- Map out your goals. Are you in a starter house that you plan to sell in a few years, or do you aim to stay until your oldest kid goes off to college? Are you in it for the long-haul and plan to live there until or through retirement? Though 30-year mortgages are the most common, they’re not necessarily the best option for all homeowners. If you’re moving on in less than five years, an interest-only mortgage (for which the borrower pays only the interest for a set period of time) may be a better fit. And in the end if you feel safer going with the standard 30-year, at least you gained some knowledge. “For educated consumers who made a decision based on the information they learned, it makes a big difference to their psyche and their ability to make better choices,” Tanney explains.
- Shop around. While you can just call up the lender for your current mortgage and ask what they have to offer, it’s a good idea to shop around for various options. Another method is to start with your local bank and then expand to national lenders, Tanney notes. You never know who has a better deal until you ask.
Keep tip: If you don’t have time for this legwork, consider going through a mortgage broker. The broker fee can add to your costs, but it might be worth it – especially if, without help, you’d end up not refinancing.
Is refinancing a form of loss mitigation?
Not really. Loss mitigation is when a loan servicer reviews and possibly modifies mortgage terms so a homeowner can avoid foreclosure.
Refinancing typically is not an option if you’ve missed any mortgage payments in the last 12 months – and if you’ve ever been more than 30 days late it’ll show up on your credit report, which is taken into consideration by lenders while reviewing loan applicants. Since loss mitigation (which we explain in our post “Loss Mitigation Explained: How to Catch Up if Your Mortgage Falls Behind”) is normally offered to those who fell behind or are in dire risk and borrowers in that category aren’t ideal candidates for refinancing, refinancing isn’t technically considered a form of loss mitigation.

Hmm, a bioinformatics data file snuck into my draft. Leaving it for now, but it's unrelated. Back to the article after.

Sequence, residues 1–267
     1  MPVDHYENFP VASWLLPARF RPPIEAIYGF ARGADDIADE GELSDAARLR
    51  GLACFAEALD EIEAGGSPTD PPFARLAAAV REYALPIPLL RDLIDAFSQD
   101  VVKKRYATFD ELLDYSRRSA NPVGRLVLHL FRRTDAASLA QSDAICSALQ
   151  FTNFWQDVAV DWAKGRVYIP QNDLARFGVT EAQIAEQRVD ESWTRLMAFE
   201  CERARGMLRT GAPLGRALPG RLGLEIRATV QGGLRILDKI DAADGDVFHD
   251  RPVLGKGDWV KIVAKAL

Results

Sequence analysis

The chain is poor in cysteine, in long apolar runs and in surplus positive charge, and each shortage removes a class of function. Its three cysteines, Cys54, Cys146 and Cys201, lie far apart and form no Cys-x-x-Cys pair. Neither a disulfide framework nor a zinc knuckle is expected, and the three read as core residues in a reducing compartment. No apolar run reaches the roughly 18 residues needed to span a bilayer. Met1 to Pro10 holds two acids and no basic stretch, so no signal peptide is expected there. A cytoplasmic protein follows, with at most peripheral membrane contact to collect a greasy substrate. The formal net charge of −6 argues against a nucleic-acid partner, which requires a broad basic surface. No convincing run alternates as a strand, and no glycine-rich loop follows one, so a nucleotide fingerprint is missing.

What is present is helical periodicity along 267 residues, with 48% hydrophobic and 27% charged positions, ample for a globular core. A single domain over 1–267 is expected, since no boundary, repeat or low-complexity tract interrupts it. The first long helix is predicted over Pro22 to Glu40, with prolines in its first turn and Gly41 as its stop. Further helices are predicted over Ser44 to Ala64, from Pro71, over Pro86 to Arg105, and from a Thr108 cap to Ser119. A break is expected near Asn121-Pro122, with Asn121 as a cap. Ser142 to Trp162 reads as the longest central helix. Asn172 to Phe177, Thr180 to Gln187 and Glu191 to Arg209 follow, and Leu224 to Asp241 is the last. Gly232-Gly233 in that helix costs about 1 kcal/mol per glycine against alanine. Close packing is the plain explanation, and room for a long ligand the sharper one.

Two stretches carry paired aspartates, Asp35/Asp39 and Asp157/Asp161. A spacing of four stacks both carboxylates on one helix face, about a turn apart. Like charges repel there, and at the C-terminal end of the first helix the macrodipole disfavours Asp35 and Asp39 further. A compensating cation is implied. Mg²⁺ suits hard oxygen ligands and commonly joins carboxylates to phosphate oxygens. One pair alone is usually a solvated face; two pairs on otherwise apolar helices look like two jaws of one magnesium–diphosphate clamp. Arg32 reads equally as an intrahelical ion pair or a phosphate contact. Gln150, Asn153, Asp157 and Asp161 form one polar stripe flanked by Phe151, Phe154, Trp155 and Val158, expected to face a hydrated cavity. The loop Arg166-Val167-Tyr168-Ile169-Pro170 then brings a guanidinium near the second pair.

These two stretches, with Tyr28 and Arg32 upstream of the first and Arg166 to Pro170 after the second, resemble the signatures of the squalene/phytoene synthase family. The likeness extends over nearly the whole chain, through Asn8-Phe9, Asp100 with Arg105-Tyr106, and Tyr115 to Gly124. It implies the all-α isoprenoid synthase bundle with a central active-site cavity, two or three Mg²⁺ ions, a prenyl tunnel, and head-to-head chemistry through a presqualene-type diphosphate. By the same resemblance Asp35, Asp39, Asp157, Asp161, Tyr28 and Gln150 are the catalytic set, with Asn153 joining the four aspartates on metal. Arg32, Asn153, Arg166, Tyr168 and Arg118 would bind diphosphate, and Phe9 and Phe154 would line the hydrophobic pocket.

Meanwhile, those who are on unemployment do not qualify for a new loan – a circumstance that unfortunately applies to many during COVID-19.
That being said, if your income decreased but is stable at the lower amount, you may be able to refinance and those who haven’t been late on a mortgage payment could use the option to become more financially stable.
Who else can offer guidance on refinancing?
Another resource available to help you is a housing counselor. Housing counselors (sometimes called advisors) provide trusted, unbiased guidance, often for free.
They can help compare different loan options and/or determine if refinancing is worthwhile based on your current loan, the proposed new loan and your future plans (for example, when you plan to sell the house you’re looking to refinance). These advisors can also help you organize your documents for the loan application process and even talk to a lender or servicer on your behalf. Wow!
So where can you find one? The U.S. Department of Housing and Urban Development (HUD) provides government-approved housing counselors. You can also search for them through the Consumer Finance Protection Bureau and the National Foundation for Credit Counseling.
Want to learn more about housing counselors and what they can do for you? Check out our post “In a Jam? Maybe a Housing Counselor Can Help.”